Queensland’s racing minister will meet with thoroughbred racing officials in a bid to cool rising tensions over the state’s new gambling tax.
Labor’s point of consumption tax means betting houses with headquarters overseas or interstate must now pay 15 per cent tax on all bets placed in the state.
NSW has introduced the tax at 10 per cent while Victoria has it at eight per cent, with both of those state’s allocating a portion of the earnings to roll back into the racing industry.
Queensland’s thoroughbred racing industry is threatening strikes on Cox Plate day and Melbourne Cup day unless it gets an immediate prize money cash injection from the new tax, in line with southern states.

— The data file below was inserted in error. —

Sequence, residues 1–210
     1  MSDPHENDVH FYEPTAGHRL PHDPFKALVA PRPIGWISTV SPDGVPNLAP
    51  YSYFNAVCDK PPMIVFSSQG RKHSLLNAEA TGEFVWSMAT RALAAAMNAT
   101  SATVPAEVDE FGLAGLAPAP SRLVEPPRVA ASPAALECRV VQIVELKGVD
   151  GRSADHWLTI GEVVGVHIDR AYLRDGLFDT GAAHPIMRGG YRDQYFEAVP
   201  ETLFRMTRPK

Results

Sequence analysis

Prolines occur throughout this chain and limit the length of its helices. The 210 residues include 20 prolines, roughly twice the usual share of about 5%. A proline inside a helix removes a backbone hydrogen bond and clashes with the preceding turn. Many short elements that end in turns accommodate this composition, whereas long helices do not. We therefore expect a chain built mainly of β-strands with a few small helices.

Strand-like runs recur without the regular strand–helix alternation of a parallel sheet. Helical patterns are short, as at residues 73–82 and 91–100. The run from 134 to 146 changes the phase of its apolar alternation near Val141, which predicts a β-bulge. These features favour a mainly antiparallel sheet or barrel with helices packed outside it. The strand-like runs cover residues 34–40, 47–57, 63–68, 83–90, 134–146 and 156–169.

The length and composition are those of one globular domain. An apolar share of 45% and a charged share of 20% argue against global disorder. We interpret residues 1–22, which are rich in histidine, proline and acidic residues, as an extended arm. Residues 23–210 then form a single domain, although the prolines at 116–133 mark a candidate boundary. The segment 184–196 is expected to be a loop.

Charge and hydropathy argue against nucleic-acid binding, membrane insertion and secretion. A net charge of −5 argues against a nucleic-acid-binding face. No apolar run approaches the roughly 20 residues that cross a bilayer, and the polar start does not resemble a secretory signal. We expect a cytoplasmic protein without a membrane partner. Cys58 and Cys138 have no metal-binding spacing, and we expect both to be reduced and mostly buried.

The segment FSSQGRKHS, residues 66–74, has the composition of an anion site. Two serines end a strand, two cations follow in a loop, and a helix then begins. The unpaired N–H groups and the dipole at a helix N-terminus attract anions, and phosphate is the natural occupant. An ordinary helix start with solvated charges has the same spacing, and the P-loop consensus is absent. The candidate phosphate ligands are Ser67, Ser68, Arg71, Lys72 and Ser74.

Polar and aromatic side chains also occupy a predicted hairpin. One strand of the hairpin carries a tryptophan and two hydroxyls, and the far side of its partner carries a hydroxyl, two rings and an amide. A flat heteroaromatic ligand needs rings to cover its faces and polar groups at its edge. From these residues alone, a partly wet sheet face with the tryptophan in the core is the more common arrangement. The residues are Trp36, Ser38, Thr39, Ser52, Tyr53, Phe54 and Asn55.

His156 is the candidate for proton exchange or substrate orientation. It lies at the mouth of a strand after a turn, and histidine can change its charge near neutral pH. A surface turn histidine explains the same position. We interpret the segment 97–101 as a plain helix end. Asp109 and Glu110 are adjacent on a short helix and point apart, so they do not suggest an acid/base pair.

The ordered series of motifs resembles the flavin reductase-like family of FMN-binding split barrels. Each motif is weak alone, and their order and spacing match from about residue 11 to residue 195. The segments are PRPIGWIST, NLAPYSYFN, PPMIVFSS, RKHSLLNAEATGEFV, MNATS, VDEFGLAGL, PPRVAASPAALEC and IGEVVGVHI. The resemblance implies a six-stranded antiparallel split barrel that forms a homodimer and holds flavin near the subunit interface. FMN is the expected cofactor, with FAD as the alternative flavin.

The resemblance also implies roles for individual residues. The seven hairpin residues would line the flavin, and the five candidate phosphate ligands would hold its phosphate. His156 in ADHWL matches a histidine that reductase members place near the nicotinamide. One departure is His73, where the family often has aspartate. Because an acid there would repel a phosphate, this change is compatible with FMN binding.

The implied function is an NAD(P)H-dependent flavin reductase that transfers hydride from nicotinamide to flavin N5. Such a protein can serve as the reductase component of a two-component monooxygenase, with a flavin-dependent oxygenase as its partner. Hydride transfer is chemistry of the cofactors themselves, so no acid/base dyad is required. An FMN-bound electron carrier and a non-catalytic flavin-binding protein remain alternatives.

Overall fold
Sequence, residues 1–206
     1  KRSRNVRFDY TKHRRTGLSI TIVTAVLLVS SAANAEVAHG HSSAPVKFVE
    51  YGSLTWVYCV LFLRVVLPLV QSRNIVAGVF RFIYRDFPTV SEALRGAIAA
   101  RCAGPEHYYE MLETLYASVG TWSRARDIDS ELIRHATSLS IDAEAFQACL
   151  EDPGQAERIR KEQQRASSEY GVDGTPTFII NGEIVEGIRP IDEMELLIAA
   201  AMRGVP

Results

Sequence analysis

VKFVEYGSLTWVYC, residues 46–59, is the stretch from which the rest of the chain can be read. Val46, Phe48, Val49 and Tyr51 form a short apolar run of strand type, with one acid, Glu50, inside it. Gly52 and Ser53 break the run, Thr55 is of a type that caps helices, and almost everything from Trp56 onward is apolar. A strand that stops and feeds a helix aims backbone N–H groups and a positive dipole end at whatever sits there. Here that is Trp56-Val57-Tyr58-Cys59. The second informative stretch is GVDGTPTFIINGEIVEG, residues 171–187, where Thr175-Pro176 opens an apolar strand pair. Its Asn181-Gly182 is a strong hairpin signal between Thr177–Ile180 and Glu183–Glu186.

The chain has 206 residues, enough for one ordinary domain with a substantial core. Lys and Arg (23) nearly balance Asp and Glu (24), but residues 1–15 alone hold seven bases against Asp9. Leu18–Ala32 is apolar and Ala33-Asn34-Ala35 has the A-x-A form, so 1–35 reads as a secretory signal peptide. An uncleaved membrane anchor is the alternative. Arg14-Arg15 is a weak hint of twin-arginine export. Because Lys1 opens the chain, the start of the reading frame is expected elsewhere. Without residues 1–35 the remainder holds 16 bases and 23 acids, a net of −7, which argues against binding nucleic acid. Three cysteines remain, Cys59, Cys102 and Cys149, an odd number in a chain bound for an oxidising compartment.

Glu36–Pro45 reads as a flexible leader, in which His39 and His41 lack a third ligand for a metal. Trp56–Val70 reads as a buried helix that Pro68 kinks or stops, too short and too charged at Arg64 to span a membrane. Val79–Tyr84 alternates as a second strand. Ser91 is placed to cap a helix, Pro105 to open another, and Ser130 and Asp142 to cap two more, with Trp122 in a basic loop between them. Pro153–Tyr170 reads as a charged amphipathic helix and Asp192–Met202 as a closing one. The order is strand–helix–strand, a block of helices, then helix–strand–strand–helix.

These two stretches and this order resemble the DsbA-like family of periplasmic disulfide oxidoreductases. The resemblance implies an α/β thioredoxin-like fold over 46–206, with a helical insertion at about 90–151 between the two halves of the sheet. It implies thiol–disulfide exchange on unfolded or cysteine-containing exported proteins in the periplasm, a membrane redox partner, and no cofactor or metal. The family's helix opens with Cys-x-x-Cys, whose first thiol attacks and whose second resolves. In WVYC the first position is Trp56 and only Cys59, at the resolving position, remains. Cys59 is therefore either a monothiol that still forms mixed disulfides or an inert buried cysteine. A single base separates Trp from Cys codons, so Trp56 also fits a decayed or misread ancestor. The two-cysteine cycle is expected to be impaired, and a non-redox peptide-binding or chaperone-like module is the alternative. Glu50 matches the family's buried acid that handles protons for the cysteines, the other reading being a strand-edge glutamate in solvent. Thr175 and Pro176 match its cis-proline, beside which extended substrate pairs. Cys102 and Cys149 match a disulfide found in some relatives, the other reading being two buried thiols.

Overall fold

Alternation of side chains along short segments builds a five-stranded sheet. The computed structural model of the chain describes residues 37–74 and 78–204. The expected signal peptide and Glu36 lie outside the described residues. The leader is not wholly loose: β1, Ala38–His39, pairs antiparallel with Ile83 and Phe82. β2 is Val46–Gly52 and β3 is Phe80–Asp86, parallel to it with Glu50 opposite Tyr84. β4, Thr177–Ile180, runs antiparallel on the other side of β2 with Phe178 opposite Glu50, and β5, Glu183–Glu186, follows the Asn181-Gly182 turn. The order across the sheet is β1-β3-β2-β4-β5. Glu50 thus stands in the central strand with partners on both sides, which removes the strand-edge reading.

Premier Annastacia Palaszczuk says the racing industry will get a new greyhound track and another for harness racing, collectively worth $20 million and funded by the tax, on top of millions in government funding each year.
“Let me be very clear, the racing industry has had a large amount of money from my government for infrastructure across the state,” Ms Palaszczuk said on Tuesday ahead of the meeting.
The premier said she is confident Racing Minister Stirling Hinchliffe could work out a deal with the industry.
But Cameron Partington from the Australian Trainers Association says officials will not settle for anything less than ongoing funding from the tax.
“You’ve got to put more money in at the start and spread it over more people so that more trainers can get some income out of running their horses,” he said.